Jewish Music in Iraq

In a modest home in Ramat Gan, a small group of elderly musicians have gathered to play. Abraham Salman, a blind kanoun player, works his fingers masterfully over the large zither-like instrument in his lap. Naim Rejwan strums at an ornate oud, while Baghdadi singer Abdu Sa'ada - known as the "Golden Voice" of Iraqi radio - intones Inta Omri by the legendary Egyptian singer Umm Kalthoum.

Each week the group gathers to recreate the music of their youth in Iraq, where they were once the country's most prominent musicians. Though their numbers are thinning, the work of these artists is being preserved on the Internet by Regine Basha, a Brooklyn-based curator and second-generation Iraqi Jew.

"It was just one of those things that no one talks about anymore. It seemed as though not only did people not know that there were Jews in Iraq very recently, but they also didn't know that they had this important contribution to the cultural makeup of the country," Basha said of her inspiration to create the Web site,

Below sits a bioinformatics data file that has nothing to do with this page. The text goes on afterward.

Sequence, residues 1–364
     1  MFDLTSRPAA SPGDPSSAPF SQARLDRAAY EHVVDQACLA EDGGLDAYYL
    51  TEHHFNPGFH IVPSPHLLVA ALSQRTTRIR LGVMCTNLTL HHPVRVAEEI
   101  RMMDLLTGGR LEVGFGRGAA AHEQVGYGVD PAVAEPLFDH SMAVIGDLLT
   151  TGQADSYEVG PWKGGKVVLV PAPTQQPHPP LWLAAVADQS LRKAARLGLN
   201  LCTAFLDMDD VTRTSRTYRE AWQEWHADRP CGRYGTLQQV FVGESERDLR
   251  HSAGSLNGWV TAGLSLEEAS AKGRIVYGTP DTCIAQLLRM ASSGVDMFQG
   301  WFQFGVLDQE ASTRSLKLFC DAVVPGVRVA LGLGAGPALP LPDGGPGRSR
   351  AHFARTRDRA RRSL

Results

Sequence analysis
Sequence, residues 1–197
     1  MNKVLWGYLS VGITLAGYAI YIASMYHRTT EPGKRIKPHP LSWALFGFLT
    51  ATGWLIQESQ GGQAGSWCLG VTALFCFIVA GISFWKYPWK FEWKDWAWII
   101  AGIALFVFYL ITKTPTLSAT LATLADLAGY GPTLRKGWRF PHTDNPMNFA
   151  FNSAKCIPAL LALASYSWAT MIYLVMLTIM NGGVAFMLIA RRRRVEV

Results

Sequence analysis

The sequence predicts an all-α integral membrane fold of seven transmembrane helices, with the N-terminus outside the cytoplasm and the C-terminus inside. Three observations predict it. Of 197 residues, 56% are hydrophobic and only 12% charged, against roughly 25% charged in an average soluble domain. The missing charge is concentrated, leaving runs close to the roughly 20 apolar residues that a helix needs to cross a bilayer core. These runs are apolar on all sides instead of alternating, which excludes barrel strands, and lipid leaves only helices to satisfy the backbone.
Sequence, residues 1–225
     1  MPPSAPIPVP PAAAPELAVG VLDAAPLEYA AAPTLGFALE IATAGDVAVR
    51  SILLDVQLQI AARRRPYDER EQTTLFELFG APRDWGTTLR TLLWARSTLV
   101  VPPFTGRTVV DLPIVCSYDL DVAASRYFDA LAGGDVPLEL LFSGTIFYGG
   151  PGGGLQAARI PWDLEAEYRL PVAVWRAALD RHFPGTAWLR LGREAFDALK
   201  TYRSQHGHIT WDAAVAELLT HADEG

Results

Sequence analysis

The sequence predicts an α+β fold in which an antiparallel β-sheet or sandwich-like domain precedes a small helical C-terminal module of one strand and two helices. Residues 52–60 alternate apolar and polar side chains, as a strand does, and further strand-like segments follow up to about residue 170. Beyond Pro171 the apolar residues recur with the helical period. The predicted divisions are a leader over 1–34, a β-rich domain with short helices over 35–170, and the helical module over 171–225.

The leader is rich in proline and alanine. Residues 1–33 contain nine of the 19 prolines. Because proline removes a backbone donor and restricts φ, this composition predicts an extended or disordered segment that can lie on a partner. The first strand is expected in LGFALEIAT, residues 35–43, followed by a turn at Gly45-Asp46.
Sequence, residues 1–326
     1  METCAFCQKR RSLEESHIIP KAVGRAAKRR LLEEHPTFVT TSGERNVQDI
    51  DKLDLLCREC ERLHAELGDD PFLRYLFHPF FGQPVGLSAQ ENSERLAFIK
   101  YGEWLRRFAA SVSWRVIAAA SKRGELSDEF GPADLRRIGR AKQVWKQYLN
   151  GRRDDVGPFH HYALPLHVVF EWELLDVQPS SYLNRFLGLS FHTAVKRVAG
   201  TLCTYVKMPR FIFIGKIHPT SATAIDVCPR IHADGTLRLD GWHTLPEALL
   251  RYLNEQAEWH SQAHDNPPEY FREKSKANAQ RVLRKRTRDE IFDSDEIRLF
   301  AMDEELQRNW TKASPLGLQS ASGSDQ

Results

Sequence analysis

Tuning Baghdad gathers original footage of gatherings such as the one in Ramat Gan, as well as old Super 8 home videos dug out of dusty boxes. The site also contains numerous audio clips and links to YouTube videos and other on-line materials that flesh out the once-vibrant world of Iraqi Jewish music.

It is a little-known fact that in the first half of the 20th century, most Iraqi musicians were Jews. At a 1932 Arabic music conference in Cairo, all of the Iraqi instrumentalists were Jewish. When the Iraqi Radio Orchestra was founded in 1936, all of its members were Jewish - except one. (JPOST)

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